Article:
I remember moments from my first visit to Silver Springs, but not the entire trip, or the exact date. I might have been my daughter’s current age at the time, but I can tell you that Silver Springs was still a private concern at the time and a tad more populated in terms of tourists. I never know when I’ll make a return trip to Florida, but when I do I always want to plan a side visit to a place I can appreciate, where my daughter will know there’s more to Florida than the Magic Kingdom and men who hide things in their body cavities.

One thing I do recall from my first trip: I could swear the park was larger. Maybe it’s because I was smaller back then and it seemed like a big place, and there was more to see/do. I understand since the state park system took over the park much of the touristy stuff is gone, but the biggest attractions remain. There’s the land and water itself, the majesty of Old Florida:



Also this scary plant:


Of course, the glass bottom boat tours still happen. It’s worth the price for the thirty-minute trip, which turned more valuable when the underwater activity kept the girl enthralled for the full ride.


Long after we’re gone, this place stays. It’s state protected, so Mickey can’t drain it.


They’ll tell you Silver Springs was home to Sea Hunt, old Tarzan movies, and a scene in Moonraker. It might not  impress the kids now, but if they see enough life without CGI they might realize what they have here.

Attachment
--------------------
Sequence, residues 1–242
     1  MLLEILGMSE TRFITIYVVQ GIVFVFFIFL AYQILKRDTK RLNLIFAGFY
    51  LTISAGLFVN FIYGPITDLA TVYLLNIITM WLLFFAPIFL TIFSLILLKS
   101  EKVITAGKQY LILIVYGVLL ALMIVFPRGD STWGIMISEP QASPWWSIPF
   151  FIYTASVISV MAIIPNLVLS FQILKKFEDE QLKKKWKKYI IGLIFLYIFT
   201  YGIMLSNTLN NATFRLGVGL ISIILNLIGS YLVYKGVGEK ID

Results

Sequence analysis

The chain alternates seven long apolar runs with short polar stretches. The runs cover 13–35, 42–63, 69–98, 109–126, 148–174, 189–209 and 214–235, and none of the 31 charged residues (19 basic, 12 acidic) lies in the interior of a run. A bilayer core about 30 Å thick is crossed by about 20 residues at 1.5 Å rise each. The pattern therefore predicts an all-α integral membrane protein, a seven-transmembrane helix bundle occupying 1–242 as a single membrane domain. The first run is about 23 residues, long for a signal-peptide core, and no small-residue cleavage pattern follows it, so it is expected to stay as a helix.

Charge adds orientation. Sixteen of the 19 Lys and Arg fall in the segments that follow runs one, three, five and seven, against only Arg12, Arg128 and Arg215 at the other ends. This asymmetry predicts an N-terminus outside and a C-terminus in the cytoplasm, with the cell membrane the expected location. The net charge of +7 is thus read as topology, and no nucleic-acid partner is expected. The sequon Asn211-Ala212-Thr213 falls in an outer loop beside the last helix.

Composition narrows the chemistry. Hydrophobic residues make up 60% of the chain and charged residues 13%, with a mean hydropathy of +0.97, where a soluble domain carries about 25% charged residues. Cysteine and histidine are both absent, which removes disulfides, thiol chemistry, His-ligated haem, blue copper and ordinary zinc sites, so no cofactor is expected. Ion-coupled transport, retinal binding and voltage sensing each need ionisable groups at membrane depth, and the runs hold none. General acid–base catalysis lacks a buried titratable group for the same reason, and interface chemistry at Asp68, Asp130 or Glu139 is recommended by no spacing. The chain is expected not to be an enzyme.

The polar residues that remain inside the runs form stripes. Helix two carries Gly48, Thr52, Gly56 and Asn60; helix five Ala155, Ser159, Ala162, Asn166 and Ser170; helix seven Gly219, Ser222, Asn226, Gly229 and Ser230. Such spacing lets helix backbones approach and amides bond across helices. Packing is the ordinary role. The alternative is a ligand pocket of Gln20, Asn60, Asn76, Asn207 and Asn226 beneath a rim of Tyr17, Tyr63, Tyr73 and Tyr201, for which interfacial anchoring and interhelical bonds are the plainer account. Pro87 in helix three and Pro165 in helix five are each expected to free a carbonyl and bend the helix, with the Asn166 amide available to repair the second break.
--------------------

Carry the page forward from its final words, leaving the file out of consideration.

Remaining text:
If we ever come back to Florida to live, I’d get a yearly pass and use it. Get a kayak and learn to steer. It’s such a peaceful place.

I find as I grow older I forget details (who doesn’t?), but certain things about 70s-80s Florida stick with me. For starters, one found the roadside stops designed to distract you from the drive to Disney World plentiful and fascinating. It’s important to remember WDW isn’t yet fifty years old…because it opened two months after I was born. That’s the only hint about my age you’re getting in this blog post. Before and since then, though, my birth state served as home to dozens of bizarre money magnets where you could do anything from pet an alligator to have your picture taken inside the skull of a giant alligator to creep through any number of “haunted” mansions… some perhaps infested with alligators. It’s probably for the best many of those places are gone, but I mourn having missed the chance to wander through the oddest of the odd. I do intend, before I die, to visit as many fireworks / jam and jelly / Stuckey’s ripoff / pie stands as possible.


Where to next?